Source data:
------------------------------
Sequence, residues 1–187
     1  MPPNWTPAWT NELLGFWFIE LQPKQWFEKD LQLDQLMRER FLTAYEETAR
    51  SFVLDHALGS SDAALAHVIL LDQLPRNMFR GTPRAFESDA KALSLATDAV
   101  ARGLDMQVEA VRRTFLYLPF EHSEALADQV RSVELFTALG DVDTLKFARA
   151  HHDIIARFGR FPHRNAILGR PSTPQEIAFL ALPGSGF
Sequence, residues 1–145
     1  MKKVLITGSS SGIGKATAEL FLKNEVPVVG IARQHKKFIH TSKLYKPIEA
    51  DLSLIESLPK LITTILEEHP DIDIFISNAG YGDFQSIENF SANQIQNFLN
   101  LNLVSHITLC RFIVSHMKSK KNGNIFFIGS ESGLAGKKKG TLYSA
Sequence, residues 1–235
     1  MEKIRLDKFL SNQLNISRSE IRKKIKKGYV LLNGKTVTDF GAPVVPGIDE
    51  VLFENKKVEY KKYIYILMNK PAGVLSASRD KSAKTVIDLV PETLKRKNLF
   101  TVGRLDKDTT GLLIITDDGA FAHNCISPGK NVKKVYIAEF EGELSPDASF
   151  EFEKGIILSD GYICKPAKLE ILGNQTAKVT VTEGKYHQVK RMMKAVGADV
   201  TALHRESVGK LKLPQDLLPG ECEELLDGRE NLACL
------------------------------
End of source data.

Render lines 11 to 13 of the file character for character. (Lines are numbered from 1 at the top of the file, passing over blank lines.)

     1  MEKIRLDKFL SNQLNISRSE IRKKIKKGYV LLNGKTVTDF GAPVVPGIDE
    51  VLFENKKVEY KKYIYILMNK PAGVLSASRD KSAKTVIDLV PETLKRKNLF
   101  TVGRLDKDTT GLLIITDDGA FAHNCISPGK NVKKVYIAEF EGELSPDASF